Period covered: 01/01/2016 -
Articles concerned : 10, 7
SpainDeclaration contained in a Note verbale from the Permanent representation deposited at the signature of the Instrument on 8 October 2012 – Or. Engl. and confirmed in the instrument of ratification deposited with the Secretary General of the Council of Europe on 5 August 2013 - Or. Spa. / Engl.
In the event that this Convention were to be extended to Gibraltar, Spain would like to make the following declaration:
1. Gibraltar is a non-autonomous territory whose international relations come under the responsibility of the United Kingdom and which is subject to a decolonisation process in accordance with the relevant decisions and resolutions of the General Assembly of the United Nations.
2. The authorities of Gibraltar have a local character and exercise exclusively internal competences which have their origin and their foundation in a distribution and attribution of competences performed by the United Kingdom in compliance with its internal legislation, in its capacity as sovereign State on which the mentioned non-autonomous territory depends.
3. As a result, the eventual participation of the Gibraltarian authorities in the application of this Convention will be understood as carried out exclusively as part of the internal competences of Gibraltar and cannot be considered to modify in any way what was established in the two previous paragraphs.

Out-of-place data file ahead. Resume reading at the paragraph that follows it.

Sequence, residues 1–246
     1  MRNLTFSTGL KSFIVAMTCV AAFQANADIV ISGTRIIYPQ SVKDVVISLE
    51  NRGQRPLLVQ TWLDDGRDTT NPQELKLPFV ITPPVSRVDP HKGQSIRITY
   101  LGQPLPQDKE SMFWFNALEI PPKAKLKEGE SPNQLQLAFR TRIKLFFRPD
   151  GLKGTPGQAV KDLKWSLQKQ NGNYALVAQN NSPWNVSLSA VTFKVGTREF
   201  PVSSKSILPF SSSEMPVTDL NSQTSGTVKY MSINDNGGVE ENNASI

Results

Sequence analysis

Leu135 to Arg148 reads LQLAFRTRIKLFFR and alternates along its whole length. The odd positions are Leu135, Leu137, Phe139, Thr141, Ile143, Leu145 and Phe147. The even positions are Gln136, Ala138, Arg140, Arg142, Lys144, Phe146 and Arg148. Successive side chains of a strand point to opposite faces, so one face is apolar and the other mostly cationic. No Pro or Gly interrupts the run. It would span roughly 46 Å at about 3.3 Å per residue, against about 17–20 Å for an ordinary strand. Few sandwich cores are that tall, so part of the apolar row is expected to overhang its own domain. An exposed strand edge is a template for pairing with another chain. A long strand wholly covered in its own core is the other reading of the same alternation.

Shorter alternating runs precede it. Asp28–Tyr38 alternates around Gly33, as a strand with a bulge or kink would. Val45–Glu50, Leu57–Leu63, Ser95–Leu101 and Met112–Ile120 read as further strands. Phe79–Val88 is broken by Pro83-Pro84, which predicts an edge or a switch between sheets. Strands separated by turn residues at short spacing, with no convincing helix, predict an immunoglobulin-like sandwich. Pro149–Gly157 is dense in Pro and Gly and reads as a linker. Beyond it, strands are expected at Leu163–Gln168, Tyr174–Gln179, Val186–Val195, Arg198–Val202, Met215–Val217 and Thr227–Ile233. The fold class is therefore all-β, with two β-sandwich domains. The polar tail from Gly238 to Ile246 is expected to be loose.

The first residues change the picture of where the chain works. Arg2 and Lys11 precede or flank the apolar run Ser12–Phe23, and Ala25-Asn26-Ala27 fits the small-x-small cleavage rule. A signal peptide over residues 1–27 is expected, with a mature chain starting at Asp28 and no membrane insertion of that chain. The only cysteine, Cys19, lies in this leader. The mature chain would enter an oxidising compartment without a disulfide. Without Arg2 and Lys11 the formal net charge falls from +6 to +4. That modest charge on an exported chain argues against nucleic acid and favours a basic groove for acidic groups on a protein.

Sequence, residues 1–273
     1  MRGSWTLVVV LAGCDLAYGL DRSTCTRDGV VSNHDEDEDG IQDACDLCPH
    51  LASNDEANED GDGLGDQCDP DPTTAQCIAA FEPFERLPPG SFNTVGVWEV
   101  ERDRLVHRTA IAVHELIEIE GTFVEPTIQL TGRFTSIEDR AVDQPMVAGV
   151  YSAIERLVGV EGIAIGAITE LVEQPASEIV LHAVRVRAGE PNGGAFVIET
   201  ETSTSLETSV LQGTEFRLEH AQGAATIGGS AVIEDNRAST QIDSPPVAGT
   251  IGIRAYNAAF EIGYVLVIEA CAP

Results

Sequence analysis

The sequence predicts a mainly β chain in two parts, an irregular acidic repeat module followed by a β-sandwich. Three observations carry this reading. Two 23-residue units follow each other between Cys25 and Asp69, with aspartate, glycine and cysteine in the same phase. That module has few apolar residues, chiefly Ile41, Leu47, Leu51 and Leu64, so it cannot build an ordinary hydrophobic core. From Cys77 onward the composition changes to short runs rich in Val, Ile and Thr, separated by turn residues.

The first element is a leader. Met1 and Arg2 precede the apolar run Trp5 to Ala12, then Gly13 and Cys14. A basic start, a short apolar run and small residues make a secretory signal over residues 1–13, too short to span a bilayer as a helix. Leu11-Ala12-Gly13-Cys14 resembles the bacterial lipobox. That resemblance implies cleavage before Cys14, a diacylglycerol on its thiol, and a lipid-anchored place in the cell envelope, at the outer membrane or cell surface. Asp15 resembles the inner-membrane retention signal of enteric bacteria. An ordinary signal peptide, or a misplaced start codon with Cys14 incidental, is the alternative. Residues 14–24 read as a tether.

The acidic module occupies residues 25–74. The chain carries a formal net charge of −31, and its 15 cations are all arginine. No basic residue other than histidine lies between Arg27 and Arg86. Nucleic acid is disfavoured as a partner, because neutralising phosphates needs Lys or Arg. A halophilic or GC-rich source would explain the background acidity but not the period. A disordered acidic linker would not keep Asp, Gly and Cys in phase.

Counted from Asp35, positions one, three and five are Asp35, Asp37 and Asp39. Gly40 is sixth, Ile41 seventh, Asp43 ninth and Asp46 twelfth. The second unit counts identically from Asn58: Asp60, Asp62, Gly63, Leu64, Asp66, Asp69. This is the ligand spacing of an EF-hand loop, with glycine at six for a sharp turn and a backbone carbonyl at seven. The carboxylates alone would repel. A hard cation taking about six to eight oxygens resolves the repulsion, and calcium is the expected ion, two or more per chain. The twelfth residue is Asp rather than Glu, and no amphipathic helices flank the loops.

Period covered: 01/01/2016 -
Articles concerned : -
TurkeyDeclaration contained in the instrument of ratification deposited on 21 September 2017 - Or. Engl.
Turkey declares that its ratification of the “Council of Europe Convention on the Counterfeiting of Medical Products and Similar Crimes Involving Threats to Public Health” neither amounts to any form of recognition of the Greek Cypriot Administration’s pretention to represent the defunct “Republic of Cyprus” as party to that Convention, nor should it imply any obligation on the part of Turkey to enter into any dealing with the so-called Republic of Cyprus within the framework of the said Convention.
Period covered: 01/01/2018 -
Articles concerned : -